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For Your Consideration – The Worst Promotional Campaign in Oscar History

Barbara Stepko

Each year around this time, the Hollywood studios, hungry for Oscars, are busy churning out “For Your Consideration” ads to woo Academy voters. But never in the 91-year history of the awards has anyone seen anything like what went down in 1960.

Chill Wills was a gravelly-voiced actor who had kicked around Hollywood for two decades. He played Uncle Bawley in the 1956 movie Giant, starring Rock Hudson, Elizabeth Taylor and James Dean, though most people probably remember him as the voice of Francis the Talking Mule in a series of low-budget big screen comedies.

Cropped screenshot of Elizabeth Taylor from the trailer for the film Giant.

Cropped screenshot of Elizabeth Taylor from the trailer for the film Giant.

But perhaps his most famous role was Beekeeper, the alcoholic sidekick to Davy Crockett (played by John Wayne) in the 1960 Western The Alamo, which Wayne produced and directed

As you can probably tell from the title, the film was based on the 1836 Battle of the Alamo. The project was something that Wayne had wanted to tackle for years.

Chill Wills

Chill Wills

He even put up $1.5 million of his own money to get it off the ground. Unfortunately, the three-hour-plus extravaganza got lukewarm reviews and didn’t exactly light up the box office. What’s more, as critics were quick to point out, there was a little matter of historical accuracy — or lack thereof.

But there was one bright spot: Wills’s performance got good reviews and a subsequent Oscar nomination for Best Supporting Actor. Yup, at 58 years of age, ol’ Chill had finally hit the big time.

Jack Kruschen, John Wayne, Maureen O’Hara, and Wills in McLintock! (1963)

Jack Kruschen, John Wayne, Maureen O’Hara, and Wills in McLintock! (1963)

Still, he knew this was probably his last shot at that gold statuette, and he intended to do everything he could to claim the prize. So he hired veteran press agent W.S. “Bow-Wow” Wojciechowicz to mount an Oscar campaign. Big mistake.

Bow-Wow approached the task at hand loaded for bear, with a series of tasteless ads that frankly reeked of desperation. Hard to say, really, which of the ads, which ran in the trade papers — Variety and The Hollywood Reporter among them — was the most offensive.

31st Academy Awards Presentations, Pantages Theatre, Hollywood, 1959.

31st Academy Awards Presentations, Pantages Theatre, Hollywood, 1959.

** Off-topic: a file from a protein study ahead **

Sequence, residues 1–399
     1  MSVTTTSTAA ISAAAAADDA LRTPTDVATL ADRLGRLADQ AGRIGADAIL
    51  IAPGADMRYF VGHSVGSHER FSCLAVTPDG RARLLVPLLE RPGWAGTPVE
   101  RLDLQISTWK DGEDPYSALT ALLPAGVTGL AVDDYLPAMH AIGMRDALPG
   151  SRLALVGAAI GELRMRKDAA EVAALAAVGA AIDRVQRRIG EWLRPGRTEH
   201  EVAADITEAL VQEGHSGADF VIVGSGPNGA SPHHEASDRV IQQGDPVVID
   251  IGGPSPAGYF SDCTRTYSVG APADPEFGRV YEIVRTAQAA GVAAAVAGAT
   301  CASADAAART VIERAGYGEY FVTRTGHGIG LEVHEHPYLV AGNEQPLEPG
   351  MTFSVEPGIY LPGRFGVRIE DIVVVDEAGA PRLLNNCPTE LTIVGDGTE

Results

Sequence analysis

It might have been the one featuring a photo of Wills, superimposed over a picture of the other actors from the Alamo cast, accompanied by copy that read: “We of The Alamo cast are praying harder than the real Texans prayed for their lives at The Alamo — for Chill Wills to win the Oscar. Cousin Chill’s acting was great. [Signed,] Your Alamo cousins.”

Or maybe what galled the Academy members most was another ditty that listed the name of every Academy member, alphabetically, with a personal greeting from Wills that read: “Win, lose, or draw, you’re still my cousins and I love you all.”

Groucho Marx

Groucho Marx

Groucho Marx, one of those Academy voters, couldn’t resist a jab, which ran in Variety days later: “Dear Mr. Chill Wills: I am delighted to be your cousin but I voted for Sal Mineo.” (Mineo was also up for Supporting Actor for his role in The Exodus.)

That cinched it. The Duke (aka John Wayne) hit the roof, and, in an effort to distance himself and his movie from the Wills’ debacle, fired off his own letter, saying that neither he nor The Alamo cast and crew had any part in the cheap publicity stunts.

John Wayne in 1952.

John Wayne in 1952.

It ended: “I refrain from using stronger language because I am sure [Wills’] intentions are not as bad as his taste.” Enter, once again, Groucho Marx, who couldn’t resist one last zinger, publicly cracking, “For John Wayne to impugn Chill Wills’ taste is tantamount to Jayne Mansfield criticizing Sabrina for too much exposure.”

Wills fired Bow-Wow and told anyone who would listen that the over-the-top plugs were his press agent’s idea. Bow-Wow took the blame and ran an apology in the trade papers, swearing that his client had had no part in the now notorious ads.

Cropped screenshot of Chills Wills from the trailer for the film Stand by for Action.

Cropped screenshot of Chills Wills from the trailer for the film Stand by for Action.

Wills, not entirely satisfied with Bow-Wow’s mea culpa, vowed, “One day I’ll get even with that so-and-so if it’s the last thing I do!”

Whatever. The damage was done. On Oscar night, Wills was no doubt squirming in his seat as emcee Bob Hope cracked, “I didn’t know there was any campaigning, until I saw my maid wearing a Chill Wills button.” The evening went downhill from there.

The award for Best Supporting Actor didn’t go to Chill Wills nor Sal Mineo, but to Peter Ustinov for Spartacus. And despite its seven nominations (including Best Picture), the only Oscar nabbed by The Alamo was for Best Sound.

Read another story from us : The Boys who Inspired the Character of Peter Pan

Shortly after the Chill Wills-Bow Wow incident, the studios took over the marketing (read: campaigning) during awards’ season. As for Wills? Well, apparently, his pal, The Duke, wasn’t the type to hold a grudge: Wills was cast in Wayne’s 1963 flick, McLintock!.